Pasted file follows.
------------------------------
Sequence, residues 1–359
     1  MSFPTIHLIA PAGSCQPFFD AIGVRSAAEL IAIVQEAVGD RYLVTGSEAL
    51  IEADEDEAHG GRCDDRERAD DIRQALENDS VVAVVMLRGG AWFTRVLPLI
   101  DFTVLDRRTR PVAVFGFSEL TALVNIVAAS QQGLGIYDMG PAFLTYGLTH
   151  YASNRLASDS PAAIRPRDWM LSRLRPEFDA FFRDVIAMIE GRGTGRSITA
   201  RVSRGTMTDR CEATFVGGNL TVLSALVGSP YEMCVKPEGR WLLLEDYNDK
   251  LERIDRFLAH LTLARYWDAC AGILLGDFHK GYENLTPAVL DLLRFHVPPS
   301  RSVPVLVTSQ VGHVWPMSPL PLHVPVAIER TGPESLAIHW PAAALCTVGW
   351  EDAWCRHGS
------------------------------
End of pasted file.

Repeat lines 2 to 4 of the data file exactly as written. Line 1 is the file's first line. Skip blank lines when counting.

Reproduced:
     1  MSFPTIHLIA PAGSCQPFFD AIGVRSAAEL IAIVQEAVGD RYLVTGSEAL
    51  IEADEDEAHG GRCDDRERAD DIRQALENDS VVAVVMLRGG AWFTRVLPLI
   101  DFTVLDRRTR PVAVFGFSEL TALVNIVAAS QQGLGIYDMG PAFLTYGLTH